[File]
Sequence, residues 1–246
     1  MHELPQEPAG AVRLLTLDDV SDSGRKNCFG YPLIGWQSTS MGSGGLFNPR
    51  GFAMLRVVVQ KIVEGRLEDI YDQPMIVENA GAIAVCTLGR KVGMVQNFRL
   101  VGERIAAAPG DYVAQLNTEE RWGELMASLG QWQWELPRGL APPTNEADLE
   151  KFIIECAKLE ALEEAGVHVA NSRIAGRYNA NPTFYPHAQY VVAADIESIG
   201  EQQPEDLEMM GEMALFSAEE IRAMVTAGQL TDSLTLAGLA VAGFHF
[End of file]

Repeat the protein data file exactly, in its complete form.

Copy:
Sequence, residues 1–246
     1  MHELPQEPAG AVRLLTLDDV SDSGRKNCFG YPLIGWQSTS MGSGGLFNPR
    51  GFAMLRVVVQ KIVEGRLEDI YDQPMIVENA GAIAVCTLGR KVGMVQNFRL
   101  VGERIAAAPG DYVAQLNTEE RWGELMASLG QWQWELPRGL APPTNEADLE
   151  KFIIECAKLE ALEEAGVHVA NSRIAGRYNA NPTFYPHAQY VVAADIESIG
   201  EQQPEDLEMM GEMALFSAEE IRAMVTAGQL TDSLTLAGLA VAGFHF